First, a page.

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A United States win tonight could change the WBC forever

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For years we have debated the significance of the World Baseball Classic. Whether it’s exciting or important. Whether it’s “real baseball” and whether or not it has anything to teach us about how we should think about the regular major league season.

We’ve also spilled a lot of ink about the significance of national teams in and of themselves. Given that Major League Baseball, played by people from all over the world, is undoubtedly the game played at its pinnacle, we’ve talked a lot about whether a tournament in which teams playing for only their nation is meaningful. Especially when so many of the players are not, actually, from their team’s nation. Against that backdrop is the sometimes uncomfortable fact that the U.S. team has (a) not attracted the best U.S. players; and (b) the U.S. team has never won the WBC.

The arguments these facts stir up never tend to be resolved. We just rehash them every four years as many people — not least of which Major League Baseball — try to get people to quit fixating on the meaning and just get excited about the event. And the event is exciting, no matter what you think of it and its implications. To date, however, the powers that be have been largely unsuccessful in getting the U.S. audience on board.

But that may all change tonight.

Tonight, for the first time, the United States will play for the WBC title. Their opponent: a Puerto Rico team which, likewise, is playing for its first WBC title. The game will begin at 9PM Eastern time, live from Dodger Stadium. It will be aired on MLB Network.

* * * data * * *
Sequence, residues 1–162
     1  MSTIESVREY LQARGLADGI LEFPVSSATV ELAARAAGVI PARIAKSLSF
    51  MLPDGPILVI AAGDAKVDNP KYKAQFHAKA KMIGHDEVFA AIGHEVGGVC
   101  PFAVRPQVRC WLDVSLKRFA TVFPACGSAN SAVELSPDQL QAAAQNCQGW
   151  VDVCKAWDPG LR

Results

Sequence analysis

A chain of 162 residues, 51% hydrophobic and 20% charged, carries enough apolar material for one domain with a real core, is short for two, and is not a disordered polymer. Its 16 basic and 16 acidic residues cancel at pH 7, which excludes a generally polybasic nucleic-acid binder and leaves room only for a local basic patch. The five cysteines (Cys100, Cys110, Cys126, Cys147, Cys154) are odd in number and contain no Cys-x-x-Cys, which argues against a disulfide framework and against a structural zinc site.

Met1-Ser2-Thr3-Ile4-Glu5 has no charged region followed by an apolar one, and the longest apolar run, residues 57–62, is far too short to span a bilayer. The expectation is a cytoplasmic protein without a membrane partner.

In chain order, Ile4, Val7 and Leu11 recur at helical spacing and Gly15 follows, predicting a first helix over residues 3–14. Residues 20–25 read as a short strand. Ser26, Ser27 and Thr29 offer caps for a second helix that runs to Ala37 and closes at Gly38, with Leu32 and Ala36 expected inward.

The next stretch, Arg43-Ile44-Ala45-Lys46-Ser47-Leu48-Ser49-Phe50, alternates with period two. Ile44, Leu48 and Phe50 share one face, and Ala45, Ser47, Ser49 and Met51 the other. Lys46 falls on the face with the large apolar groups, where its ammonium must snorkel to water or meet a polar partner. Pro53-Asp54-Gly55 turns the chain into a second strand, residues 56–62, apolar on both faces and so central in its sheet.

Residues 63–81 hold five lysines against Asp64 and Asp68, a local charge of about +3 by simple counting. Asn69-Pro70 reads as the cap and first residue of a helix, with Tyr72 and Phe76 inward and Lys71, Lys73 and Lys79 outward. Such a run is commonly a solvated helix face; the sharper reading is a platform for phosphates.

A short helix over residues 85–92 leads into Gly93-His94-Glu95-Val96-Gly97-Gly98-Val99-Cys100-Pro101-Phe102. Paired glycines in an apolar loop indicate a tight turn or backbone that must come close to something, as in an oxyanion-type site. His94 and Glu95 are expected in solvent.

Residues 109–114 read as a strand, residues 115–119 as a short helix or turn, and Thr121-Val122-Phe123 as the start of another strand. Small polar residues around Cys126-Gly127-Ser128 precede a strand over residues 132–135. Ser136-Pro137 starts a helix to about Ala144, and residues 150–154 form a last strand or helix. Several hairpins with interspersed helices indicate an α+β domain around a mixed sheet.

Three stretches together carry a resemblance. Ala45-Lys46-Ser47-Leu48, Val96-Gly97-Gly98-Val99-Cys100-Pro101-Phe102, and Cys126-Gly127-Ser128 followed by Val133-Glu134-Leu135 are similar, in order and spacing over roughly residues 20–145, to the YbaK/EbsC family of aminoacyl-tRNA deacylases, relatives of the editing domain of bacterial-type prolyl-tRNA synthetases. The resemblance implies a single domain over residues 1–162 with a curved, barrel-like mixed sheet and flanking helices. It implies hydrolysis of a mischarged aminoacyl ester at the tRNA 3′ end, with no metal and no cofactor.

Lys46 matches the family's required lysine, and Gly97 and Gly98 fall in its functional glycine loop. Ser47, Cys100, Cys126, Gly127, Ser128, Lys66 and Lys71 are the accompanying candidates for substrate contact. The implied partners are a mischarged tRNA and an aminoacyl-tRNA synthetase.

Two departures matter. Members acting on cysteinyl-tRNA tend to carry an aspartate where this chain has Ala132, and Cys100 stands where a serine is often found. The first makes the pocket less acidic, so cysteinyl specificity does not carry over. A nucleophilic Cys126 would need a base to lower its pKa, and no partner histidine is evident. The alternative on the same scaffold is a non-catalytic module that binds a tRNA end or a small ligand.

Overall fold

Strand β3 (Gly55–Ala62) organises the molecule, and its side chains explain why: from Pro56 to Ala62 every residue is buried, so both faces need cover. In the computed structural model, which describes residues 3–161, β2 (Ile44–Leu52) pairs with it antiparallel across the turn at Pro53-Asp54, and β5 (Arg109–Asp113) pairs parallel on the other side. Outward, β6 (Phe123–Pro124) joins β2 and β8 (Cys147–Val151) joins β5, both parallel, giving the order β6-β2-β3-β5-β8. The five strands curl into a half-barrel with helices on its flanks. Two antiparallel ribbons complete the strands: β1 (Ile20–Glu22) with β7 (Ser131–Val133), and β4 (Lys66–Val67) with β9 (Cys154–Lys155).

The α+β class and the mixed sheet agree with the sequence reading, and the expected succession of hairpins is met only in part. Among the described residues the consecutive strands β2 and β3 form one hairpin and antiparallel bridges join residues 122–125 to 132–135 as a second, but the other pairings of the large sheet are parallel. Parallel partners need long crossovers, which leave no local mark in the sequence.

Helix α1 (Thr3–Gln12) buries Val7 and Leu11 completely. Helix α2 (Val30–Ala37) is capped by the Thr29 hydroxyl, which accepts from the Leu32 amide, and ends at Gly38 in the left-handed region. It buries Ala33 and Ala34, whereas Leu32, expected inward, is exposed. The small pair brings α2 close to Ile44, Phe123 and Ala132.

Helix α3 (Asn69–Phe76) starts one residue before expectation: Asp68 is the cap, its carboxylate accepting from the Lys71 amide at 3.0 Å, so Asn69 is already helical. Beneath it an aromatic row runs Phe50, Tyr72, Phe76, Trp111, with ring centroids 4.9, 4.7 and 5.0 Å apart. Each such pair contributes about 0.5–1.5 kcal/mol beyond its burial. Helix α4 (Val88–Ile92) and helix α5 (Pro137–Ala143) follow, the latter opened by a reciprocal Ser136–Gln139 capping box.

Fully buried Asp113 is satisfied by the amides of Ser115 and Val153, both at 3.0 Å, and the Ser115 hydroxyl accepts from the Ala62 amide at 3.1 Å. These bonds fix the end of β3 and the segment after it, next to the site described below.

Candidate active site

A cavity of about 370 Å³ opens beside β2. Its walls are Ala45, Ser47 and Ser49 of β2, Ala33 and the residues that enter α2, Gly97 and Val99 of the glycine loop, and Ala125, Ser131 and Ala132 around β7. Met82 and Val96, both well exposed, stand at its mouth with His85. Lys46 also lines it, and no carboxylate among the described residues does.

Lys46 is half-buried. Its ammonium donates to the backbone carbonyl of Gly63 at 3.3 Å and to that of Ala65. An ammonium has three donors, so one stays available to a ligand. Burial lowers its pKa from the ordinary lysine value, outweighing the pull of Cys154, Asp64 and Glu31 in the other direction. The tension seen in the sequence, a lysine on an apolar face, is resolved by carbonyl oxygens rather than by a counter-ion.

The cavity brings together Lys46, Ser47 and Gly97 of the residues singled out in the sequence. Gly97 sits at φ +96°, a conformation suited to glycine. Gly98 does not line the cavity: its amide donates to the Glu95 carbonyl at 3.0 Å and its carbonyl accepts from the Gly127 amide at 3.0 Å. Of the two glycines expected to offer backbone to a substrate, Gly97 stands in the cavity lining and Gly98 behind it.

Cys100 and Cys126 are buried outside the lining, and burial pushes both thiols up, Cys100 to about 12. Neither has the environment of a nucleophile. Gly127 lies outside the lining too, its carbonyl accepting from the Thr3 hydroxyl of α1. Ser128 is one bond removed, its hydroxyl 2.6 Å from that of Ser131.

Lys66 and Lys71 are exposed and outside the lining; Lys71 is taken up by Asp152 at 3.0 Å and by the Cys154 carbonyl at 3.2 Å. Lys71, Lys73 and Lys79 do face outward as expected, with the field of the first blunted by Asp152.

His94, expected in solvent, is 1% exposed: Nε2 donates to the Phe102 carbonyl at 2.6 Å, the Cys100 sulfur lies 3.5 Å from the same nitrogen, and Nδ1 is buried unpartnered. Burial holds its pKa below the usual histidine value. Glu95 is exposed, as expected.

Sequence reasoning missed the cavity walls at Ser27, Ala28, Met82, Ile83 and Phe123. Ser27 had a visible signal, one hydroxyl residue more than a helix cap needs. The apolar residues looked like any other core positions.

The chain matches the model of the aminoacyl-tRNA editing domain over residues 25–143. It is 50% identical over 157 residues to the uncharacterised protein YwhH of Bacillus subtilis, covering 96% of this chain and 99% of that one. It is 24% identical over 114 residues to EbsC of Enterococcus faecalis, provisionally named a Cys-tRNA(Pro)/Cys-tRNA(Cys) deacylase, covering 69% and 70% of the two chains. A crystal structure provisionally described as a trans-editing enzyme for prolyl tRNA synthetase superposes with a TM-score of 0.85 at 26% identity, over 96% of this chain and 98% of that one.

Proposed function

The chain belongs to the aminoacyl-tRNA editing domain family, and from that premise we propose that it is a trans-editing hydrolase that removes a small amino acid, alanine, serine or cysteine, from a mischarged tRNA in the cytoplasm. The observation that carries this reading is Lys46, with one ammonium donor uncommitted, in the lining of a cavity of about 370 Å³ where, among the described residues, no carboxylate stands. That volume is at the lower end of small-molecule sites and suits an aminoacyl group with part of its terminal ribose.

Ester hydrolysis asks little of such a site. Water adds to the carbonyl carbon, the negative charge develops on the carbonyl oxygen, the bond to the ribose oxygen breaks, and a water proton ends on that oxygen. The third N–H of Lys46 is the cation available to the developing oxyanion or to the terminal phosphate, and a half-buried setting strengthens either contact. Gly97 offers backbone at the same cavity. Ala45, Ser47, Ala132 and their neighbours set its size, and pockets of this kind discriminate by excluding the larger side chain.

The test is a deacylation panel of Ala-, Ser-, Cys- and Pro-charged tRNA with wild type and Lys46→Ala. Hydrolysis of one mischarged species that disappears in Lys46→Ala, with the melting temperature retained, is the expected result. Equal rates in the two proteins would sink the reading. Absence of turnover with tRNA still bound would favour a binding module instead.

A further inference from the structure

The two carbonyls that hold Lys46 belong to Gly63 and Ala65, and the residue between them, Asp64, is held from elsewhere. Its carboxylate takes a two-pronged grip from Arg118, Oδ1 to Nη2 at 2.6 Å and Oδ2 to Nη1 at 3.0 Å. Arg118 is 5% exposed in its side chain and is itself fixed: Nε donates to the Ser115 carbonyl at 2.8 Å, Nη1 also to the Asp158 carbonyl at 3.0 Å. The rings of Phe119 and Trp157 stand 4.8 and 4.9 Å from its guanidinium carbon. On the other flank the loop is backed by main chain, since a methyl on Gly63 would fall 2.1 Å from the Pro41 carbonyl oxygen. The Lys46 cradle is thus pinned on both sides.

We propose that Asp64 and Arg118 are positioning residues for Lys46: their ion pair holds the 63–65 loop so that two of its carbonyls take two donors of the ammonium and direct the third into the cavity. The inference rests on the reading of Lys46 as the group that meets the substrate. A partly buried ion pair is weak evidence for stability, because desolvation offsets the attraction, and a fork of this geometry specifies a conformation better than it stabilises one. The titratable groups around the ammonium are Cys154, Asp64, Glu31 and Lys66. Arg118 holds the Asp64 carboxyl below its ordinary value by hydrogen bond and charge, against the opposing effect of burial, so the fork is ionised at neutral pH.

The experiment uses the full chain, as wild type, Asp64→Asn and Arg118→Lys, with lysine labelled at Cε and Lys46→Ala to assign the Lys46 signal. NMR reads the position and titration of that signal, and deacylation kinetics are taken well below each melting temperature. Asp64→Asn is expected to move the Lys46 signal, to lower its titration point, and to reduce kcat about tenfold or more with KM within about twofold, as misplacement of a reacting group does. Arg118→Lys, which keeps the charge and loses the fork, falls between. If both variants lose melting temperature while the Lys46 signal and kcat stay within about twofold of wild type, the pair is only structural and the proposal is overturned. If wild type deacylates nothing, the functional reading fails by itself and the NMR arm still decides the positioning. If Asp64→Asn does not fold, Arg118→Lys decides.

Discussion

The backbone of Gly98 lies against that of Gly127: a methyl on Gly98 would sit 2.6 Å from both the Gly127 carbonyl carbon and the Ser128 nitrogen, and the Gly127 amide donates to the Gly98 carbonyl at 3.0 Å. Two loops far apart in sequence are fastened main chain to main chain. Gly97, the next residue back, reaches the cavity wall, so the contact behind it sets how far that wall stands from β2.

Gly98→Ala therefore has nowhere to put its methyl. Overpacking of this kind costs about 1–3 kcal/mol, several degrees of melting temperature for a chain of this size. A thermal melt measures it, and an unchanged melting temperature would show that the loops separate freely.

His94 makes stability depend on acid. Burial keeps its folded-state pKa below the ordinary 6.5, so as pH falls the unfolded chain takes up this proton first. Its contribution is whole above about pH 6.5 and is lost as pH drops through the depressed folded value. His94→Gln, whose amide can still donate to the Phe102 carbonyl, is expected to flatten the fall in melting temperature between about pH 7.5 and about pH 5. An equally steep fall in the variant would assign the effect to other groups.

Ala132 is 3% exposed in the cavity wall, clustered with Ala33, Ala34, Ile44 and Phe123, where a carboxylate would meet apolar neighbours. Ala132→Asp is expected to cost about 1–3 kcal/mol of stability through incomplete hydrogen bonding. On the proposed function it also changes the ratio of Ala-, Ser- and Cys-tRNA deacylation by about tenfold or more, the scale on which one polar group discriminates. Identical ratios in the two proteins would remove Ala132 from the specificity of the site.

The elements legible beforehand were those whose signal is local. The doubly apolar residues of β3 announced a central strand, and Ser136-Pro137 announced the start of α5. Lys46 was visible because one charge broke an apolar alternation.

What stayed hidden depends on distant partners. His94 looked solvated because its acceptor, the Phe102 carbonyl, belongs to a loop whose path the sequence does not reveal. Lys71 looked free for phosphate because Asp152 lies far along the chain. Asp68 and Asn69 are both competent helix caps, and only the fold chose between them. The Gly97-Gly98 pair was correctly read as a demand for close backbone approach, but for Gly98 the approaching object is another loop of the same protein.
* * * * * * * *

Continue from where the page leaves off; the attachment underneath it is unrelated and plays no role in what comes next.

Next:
Puerto Rico is 7-0 in this tournament an defeated the United States 6-5 in a second-round game just this past Friday in San Diego. Seth Lugo will get the start for Puerto Rico. He has won both of his starts in the tournament, allowing just three runs in 11 WBC innings. For the United States, it’s Marcus Stroman. He lost that game to Puerto Rico, though it was a game characterized by an early barrage followed by Stroman settling down and retiring 14 batters in a row at one point. As far as the overall matchup, Puerto Rico’s offense has generally carried them — they’ve scored at least three runs in all seven of their games — while the U.S. has ground out some close victories and capitalized on opponents’ errors.

But the Xs and Os of all of this is sort of beside the point. And not just because Xs and Os in a one-game, winner-take-all championship format are always beside the point in a sport as random and unpredictable as baseball.

The bigger story here is that, for the first time, the U.S. stands poised to win this tournament. That, in turn, could make the WBC relevant to Americans in ways it never has been before. Maybe that’s a sad comment — “hey, we’re America and we only care about something if we’re good at it!” — but there’s an undeniable kernel of truth to it. There’s a more important a corollary to that kernel, though. Maybe we don’t get excited about a national contest unless we’re good at it, but once we’re proven to be good at it we get REALLY invested in STAYING good at it.